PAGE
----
Fifteen year old Billi isn’t like other London schoolgirls. Born into The Order of the Templar Knights, she’s always been expected to put her own priorities aside and focus on protecting humanity from the Unholy. Ghuls, werewolves, fallen angels - they’re all out there, and Billie’s expected to face them in combat. She’s never been given a choice. Her mother is dead, and her father Arthur SanGreal is the leader of the Templars. He’s not worried about her grades or her happiness. In his eyes, she can never be ruthless enough. Unlike her friend Kay, who has returned from a year of Oracle training to a hero’s welcome.
Enter Michael: handsome, sensitive, and actually interested in Billi. She’s not sure what she wants anymore. But when the children of London begin to suffer from a dark sickness that can only be Unholy in origin, Billi finds it’s not that easy to walk away...
Sarwat Chadda likes his monsters old-school. No over-protective werewolves, no football-playing zombies, and definitely no sparkling vampires. His monsters are of the terrifying variety; bloodthirsty, dangerous, and evil as hell. Add to that a fifteen-year-old heroine who really does act like a regular schoolgirl - when she’s not kicking Unholy butt, that is - and Mr Chadda has got himself a winner.
We join Billi SanGreal as she undertakes The Ordeal - an initiation into the Templar Knights that has her killing an Unholy being. The catch? He just happens to look like an angelic six-year-old child. In a sense, this is our induction as well as Billi’s. It’s gory and it’s disturbing, but it’s an act that represents the inner conflict that Billi will face as a templar, and that we will follow. It’s little wonder that sometimes, Billi just wants to be normal - to get her homework in on time, to have a father who gives her the occasional hug, and for the nightmares to go away. Factor in a best friend who is suddenly infuriatingly handsome but can literally read Billi’s mind, and it’s hard not to feel for her.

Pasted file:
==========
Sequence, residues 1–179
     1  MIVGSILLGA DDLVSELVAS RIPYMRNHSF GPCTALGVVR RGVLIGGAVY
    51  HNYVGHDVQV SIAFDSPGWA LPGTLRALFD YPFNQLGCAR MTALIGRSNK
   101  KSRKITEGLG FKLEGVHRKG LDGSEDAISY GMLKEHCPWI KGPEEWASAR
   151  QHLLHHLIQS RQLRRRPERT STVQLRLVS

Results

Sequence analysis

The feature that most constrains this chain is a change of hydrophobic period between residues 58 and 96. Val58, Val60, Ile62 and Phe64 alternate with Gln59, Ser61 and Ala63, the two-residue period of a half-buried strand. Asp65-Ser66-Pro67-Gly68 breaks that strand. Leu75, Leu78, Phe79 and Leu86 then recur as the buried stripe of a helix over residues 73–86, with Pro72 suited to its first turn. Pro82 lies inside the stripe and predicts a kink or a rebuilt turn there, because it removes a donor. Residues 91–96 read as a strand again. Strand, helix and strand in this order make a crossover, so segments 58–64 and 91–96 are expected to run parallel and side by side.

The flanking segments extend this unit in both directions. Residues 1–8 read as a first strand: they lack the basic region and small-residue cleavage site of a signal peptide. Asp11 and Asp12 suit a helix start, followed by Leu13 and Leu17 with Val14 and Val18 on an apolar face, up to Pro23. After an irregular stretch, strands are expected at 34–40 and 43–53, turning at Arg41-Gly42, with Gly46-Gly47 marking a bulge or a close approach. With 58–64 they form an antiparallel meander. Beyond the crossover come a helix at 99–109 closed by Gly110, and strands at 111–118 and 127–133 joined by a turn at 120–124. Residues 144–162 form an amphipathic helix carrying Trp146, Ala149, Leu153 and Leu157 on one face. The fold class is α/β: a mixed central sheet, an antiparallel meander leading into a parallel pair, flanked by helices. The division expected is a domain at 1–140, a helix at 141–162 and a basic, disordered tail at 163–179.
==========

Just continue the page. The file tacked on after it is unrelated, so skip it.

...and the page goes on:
There are definitely aspects of Devil’s Kiss that some readers may have trouble with. Arthur SanGreal’s treatment of Billi has always been incredibly single-minded, and there are scenes where his tough-love training methods are downright disturbing. Is anyone comfortable with a father headbutting his fifteen-year-old daughter in the face, even if it is to make her a better fighter? I doubt it. But then, if he knows his daughter could be killed by demons at any time if her fighting skills aren’t up to scratch… what should he do? Tough call, isn’t it? Chadda’s depiction of the life of a young templar knight is unflinching, and conveys the brutality of living in a world where all the scary monsters you don’t want to believe in are undeniably real. It's not an easy life, so don't expect an easy read.
Most readers will have heard of the Templar Knights, but Devil’s Kiss gives the history and the myth an original spin that suits modern-day London down to the ground. Born to a Pakistani mother and an English father, Billi was raised as a Muslim until her mother’s death. As a member by birth of The Order, she’s subsequently been immersed in a single-mindedly Christian world. But Sarwat Chadda’s templars aren’t about a specifically Christian agenda: as master, Arthur’s firm belief is that the ‘old religious war’ no longer concerns the templars, and all that matters is the battle to save mankind’s soul. To win this battle, the templars need the combined wisdom of various religions. It’s a message that the world can really use right now, and Chadda communicates it with a lightness of touch that never seems heavy-handed or preachy.
I’d recommend Devil’s Kiss to anyone who likes their fantasy dark and uncompromising.